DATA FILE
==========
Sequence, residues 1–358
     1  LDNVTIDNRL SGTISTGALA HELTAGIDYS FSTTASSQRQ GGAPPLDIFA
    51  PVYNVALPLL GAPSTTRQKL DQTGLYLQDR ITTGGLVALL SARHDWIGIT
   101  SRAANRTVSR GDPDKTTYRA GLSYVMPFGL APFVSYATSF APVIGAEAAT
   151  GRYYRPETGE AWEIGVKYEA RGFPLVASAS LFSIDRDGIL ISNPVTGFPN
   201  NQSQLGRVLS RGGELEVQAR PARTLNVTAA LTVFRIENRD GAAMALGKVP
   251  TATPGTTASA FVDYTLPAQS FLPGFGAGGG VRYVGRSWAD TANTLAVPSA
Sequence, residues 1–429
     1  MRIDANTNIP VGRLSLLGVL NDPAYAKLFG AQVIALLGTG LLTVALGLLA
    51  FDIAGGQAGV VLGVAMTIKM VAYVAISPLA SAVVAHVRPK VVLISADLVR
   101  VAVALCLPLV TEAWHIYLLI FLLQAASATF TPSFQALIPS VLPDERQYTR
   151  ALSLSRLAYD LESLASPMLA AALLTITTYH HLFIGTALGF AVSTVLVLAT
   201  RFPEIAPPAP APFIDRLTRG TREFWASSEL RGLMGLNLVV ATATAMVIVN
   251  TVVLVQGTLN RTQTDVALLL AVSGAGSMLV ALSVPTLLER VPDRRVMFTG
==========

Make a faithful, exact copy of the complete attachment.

Sequence, residues 1–358
     1  LDNVTIDNRL SGTISTGALA HELTAGIDYS FSTTASSQRQ GGAPPLDIFA
    51  PVYNVALPLL GAPSTTRQKL DQTGLYLQDR ITTGGLVALL SARHDWIGIT
   101  SRAANRTVSR GDPDKTTYRA GLSYVMPFGL APFVSYATSF APVIGAEAAT
   151  GRYYRPETGE AWEIGVKYEA RGFPLVASAS LFSIDRDGIL ISNPVTGFPN
   201  NQSQLGRVLS RGGELEVQAR PARTLNVTAA LTVFRIENRD GAAMALGKVP
   251  TATPGTTASA FVDYTLPAQS FLPGFGAGGG VRYVGRSWAD TANTLAVPSA
Sequence, residues 1–429
     1  MRIDANTNIP VGRLSLLGVL NDPAYAKLFG AQVIALLGTG LLTVALGLLA
    51  FDIAGGQAGV VLGVAMTIKM VAYVAISPLA SAVVAHVRPK VVLISADLVR
   101  VAVALCLPLV TEAWHIYLLI FLLQAASATF TPSFQALIPS VLPDERQYTR
   151  ALSLSRLAYD LESLASPMLA AALLTITTYH HLFIGTALGF AVSTVLVLAT
   201  RFPEIAPPAP APFIDRLTRG TREFWASSEL RGLMGLNLVV ATATAMVIVN
   251  TVVLVQGTLN RTQTDVALLL AVSGAGSMLV ALSVPTLLER VPDRRVMFTG